Sampling for Non-Point Source Pollution

The sampling requirements of NPSP are quite different from those of the point source contamination. Typically, the sampling is required to give a good estimate of the mean level of pollution rather than to delineate areas of pollution. In such a situation, sampling is typically carried out on a regular square or a triangular grid. Furthermore, gains may be possible by using composite sampling.141 However, if the pollution is patchy, other strategies may be used. One such strategy is to divide the area into remediation units, and to sample each of these. The possibility of movement of the pollutant from the soil to some receptor (or asset) is assessed, and the potential harm is quantified. This process requires an analysis of the bioavailability of the pollutant, pathway analysis, and the toxicological risk. The risk analysis is then assessed and decisions are then made as to how the risk should be managed.

Management and/or Remediation of Non-Point Source Pollution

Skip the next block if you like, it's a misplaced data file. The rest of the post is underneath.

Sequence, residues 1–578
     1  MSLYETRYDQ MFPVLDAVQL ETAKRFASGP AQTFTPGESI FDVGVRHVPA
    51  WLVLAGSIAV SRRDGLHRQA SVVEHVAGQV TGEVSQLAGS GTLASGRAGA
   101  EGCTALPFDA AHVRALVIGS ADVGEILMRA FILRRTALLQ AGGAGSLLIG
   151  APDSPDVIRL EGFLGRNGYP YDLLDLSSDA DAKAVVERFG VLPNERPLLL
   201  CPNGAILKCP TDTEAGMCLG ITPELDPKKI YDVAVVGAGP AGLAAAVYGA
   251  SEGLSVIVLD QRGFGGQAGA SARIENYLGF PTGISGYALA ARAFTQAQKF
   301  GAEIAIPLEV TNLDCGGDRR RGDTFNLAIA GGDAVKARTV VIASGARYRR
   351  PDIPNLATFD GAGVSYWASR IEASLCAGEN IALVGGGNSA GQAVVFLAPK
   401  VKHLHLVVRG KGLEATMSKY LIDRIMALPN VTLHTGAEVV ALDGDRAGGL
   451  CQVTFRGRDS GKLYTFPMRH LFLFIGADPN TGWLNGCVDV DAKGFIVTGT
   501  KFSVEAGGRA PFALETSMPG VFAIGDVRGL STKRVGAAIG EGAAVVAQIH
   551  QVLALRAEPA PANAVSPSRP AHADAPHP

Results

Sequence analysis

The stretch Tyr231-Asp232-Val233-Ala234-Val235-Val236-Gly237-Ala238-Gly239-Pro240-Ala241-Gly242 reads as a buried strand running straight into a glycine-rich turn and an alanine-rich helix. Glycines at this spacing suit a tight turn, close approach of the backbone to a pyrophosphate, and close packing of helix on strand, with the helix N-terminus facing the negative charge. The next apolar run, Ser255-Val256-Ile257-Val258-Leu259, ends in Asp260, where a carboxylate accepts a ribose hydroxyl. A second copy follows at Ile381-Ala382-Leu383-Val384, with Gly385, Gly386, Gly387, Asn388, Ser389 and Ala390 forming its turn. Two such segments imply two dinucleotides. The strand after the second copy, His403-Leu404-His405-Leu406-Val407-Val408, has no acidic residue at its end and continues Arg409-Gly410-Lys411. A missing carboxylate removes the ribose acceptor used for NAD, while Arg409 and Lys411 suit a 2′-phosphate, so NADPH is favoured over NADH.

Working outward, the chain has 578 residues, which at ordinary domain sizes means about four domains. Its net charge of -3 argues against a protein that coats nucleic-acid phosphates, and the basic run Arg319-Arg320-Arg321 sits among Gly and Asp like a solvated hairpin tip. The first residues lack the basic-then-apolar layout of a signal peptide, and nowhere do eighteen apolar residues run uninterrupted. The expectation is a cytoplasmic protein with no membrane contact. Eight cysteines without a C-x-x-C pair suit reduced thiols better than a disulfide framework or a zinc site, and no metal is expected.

The treatment strategies used for managing NPSP are generally those that modify the soil properties to decrease the bioavailable contaminant fraction. This is particularly so in the rural agricultural environment where soil-plant transfer of contaminants is of greatest concern. Soil amendments commonly used include those that change the ion-exchange characteristics of the colloid particles and those that enhance the ability of soils to sorb contaminants. An example of NPSP management includes the application of lime to immobilize metals because the solubility of most heavy metals decreases with increasing soil pH. However, this approach is not applicable to all metals, especially those that form oxyanions—the bioavailability of such species increases with increasing pH. Therefore, one of the prerequisites for remediating contaminated sites is a detailed assessment of the nature of contaminants present in the soil. The application of a modified aluminosilicate to a highly contaminated soil around a zinc smelter in Belgium was shown to reduce the bioavailability of metals thereby reducing the Zn phytotoxicity.151 The simple addition of rock phosphates to form Pb phosphate has also been demonstrated to reduce the bioavailability of Pb in aqueous solutions and contaminated soils due to immobilization in the metal.161 Nevertheless, there is concern over the long-term stability of the processes. The immobilization process appears attractive currently given that there are very few cheap and effective in situ remediation techniques for metal-contaminated soils. A novel, innovative approach is using higher plants to stabilize, extract, degrade, or volatilize inorganic and organic contaminants for in situ treatment (cleanup or containment) of polluted topsoils.171

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